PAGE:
- Improper diagnosis
- Failure to conduct a proper suicide risk assessment
- Failure to take steps to prevent suicide
- Premature discharge
- Tardive dyskinesia
- False "Repressed" Memories
• Improper diagnosis
The right mental health treatment begins with making the right diagnosis. Decades of mental health research have established effective treatments for disorders which would otherwise be crippling. Knowing the patient's proper diagnosis is the first step in ensuring that the patient gets the proper care. Psychiatric diagnosis requires an attention to detail. Not only is the mental health professional expected to inquire about the current, presenting problems that the patient is experiencing, he or she must also conduct a thorough inquiry of the patient's psychiatric history. In many cases, the mental health professional is expected to contact family members and friends, to obtain additional information. When the provider is a physician, a complete physical, along with an inquiry into the patient's medical history, is essential to ruling out organic, non-psychiatric causes of the patient's problems.
Most psychiatric disorders have devastating effects. When a mental health professional fails to diagnose serious disorders, such as Major Depression, Bipolar Disorder, or Schizophrenia, the unfortunate result may be the suicide of the patient. At a minimum, the patient will experience psychological and physical pain, which could have been avoided through proper treatment. The failure to diagnose a patient with a discernible disorder, or ascribing a wrong diagnosis to the patient, is negligence which can have profound consequences for the patient.
The mental health provider's goal is to get the patient back into the game of life. There are a range of treatment options available for every major psychiatric disorder. While these treatments may not always cure the illness, they will help to control the symptoms, and enable the patient to better function with the disorder with which they suffer. Often, treatment will be pharmacological in nature. There are dozens of different antidepressants, many of which achieve their results by acting on different neurotransmitters in the brain and virtually all of which have different side effect profiles. These have proven effective in treating debilitating depressions in the vast majority of patients. Effective treatments for Bipolar Disorder, including such mood stabilizers as Depakote, Tegretol, and Lithium, have helped to bring the vicious emotional roller-coaster to a halt. And with the help of antipsychotic medications, like Haldol and Risperdal, psychiatrists usually can eliminate hallucinations and delusions in patients suffering from Schizophrenia, Bipolar Disorder, and other mental illnesses.
But proper mental health treatment goes beyond medication. Research has proven that psychotherapy is a useful adjunct to medication. But to be effective, psychotherapy must be provided by a competent, caring professional who is trained in its use and who is willing to devote the time and attention necessary for the task.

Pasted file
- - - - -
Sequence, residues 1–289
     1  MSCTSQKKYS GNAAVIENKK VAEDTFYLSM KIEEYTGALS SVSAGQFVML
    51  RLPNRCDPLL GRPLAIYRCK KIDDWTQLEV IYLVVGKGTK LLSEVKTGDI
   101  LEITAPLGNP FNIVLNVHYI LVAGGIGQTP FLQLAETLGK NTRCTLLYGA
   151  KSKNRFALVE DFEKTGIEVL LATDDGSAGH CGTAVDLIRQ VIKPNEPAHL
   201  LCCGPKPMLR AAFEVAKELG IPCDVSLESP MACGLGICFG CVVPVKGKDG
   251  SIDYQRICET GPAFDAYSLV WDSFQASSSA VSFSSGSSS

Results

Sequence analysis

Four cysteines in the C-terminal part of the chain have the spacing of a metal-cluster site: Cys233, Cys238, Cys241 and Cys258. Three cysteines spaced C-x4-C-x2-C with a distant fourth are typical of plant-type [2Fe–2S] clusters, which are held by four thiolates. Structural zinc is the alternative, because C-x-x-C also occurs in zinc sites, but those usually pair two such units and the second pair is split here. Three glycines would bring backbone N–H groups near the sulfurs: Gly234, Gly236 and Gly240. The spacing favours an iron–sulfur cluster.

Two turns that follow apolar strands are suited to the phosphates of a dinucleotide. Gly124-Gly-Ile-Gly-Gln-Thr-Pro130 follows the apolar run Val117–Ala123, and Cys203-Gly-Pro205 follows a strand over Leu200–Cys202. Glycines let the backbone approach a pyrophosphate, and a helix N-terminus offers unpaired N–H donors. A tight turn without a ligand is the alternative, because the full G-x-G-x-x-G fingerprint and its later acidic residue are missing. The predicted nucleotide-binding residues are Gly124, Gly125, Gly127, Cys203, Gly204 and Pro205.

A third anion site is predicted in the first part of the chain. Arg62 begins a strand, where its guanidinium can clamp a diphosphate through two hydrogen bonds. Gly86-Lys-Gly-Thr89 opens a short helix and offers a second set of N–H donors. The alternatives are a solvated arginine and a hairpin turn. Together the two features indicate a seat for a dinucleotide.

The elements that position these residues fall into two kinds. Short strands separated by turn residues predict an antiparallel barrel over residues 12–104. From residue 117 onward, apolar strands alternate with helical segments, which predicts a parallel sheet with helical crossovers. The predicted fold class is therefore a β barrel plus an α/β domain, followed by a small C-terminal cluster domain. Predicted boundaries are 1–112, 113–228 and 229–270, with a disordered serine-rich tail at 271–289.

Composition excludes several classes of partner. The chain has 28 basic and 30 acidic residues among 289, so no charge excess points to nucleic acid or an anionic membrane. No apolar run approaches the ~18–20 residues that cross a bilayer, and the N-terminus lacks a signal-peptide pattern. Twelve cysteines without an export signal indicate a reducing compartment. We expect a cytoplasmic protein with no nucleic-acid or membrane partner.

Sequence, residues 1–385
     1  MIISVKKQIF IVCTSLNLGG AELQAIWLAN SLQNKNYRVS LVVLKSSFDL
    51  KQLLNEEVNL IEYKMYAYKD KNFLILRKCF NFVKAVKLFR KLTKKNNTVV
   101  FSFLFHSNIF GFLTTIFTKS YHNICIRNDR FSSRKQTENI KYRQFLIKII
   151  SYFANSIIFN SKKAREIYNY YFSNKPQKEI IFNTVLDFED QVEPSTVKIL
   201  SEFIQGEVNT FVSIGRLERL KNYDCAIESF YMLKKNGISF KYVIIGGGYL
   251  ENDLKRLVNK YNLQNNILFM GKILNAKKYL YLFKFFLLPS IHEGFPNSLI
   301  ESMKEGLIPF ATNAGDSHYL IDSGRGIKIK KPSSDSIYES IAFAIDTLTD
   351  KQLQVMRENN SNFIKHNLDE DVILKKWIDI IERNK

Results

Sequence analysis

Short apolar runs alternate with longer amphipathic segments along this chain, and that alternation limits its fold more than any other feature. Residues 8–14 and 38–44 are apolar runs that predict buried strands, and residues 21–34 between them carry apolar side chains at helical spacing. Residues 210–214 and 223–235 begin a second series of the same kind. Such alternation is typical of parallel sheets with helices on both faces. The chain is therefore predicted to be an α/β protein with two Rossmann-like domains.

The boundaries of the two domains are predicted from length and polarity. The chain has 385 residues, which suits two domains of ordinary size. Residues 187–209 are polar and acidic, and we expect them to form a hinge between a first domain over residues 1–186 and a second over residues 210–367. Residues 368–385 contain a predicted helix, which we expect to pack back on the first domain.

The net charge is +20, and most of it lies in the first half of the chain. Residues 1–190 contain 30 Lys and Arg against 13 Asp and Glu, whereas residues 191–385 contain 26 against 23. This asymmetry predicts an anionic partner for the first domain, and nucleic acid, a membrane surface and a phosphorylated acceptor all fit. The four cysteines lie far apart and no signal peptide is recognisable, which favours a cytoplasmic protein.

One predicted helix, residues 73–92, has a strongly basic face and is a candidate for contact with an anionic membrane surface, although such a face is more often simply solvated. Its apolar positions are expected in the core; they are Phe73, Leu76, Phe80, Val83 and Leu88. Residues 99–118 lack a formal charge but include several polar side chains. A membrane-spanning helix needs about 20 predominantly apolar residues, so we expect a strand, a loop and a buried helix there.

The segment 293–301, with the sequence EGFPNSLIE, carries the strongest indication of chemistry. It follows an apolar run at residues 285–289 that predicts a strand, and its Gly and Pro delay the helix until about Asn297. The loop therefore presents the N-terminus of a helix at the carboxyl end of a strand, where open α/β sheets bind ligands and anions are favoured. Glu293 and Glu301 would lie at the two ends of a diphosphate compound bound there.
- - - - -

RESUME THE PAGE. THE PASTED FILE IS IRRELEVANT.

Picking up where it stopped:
When a mental health professional fails to provide the right medication, or fails to employ needed psychotherapy, this failure is negligence which robs his or her patients of the ability to get their lives back on track. Unfortunately, too often this failure also leads to suicide.
Suicide is the most tragic outcome in mental health care. Mental health professionals must have a passion for life. They have a duty to conduct a suicide risk assessment of any potentially suicidal patient. For those under the care of a health provider, suicide does not occur out of the blue. Mental health professionals should be trained to know the clues to suicide. They should be trained to know the relevant risk factors. They should also be trained in the proper way to inquire about suicidal thinking. Questions about suicide should not be mechanically asked in a rote fashion. The patient must feel a genuine sense of concern on the part of the health provider. If not, the patient may not describe his or her suicidal thinking.
Although suicide occurs in every race, gender, and age group, generally older or adolescent white males are at higher risk for suicide. Patients with a history of suicide attempts are at higher risk. Patients suffering from depression, bipolar disorder, anxiety disorders, drug dependency or abuse disorders, and schizophrenia are at higher risk for suicide. The mental health professional must consider these risk factors when assessing his or her patient's potential for suicide.
In addition, a mental health professional has a duty to directly inquire about his or her patient's suicidal thinking. Has the patient been considering suicide? Has the patient formulated a plan? Does the patient intend to carry out the plan? Even if the patient denies suicidal thinking, the clinician must consider the entire picture. Is the patient experiencing unusual stresses? Has the patient made statements to others which indicate that he or she has been considering suicide? Does the patient's history, psychiatric disorder, or current condition suggest that the patient is at risk for suicide?
In the clinical setting, suicide prevention begins with suicide risk assessment. If an assessment is done improperly - or worse, if it is not done at all - the unfortunate result could be the suicide of the patient. The failure to conduct a proper suicide risk assessment is negligence, for which the mental health professional may be held liable.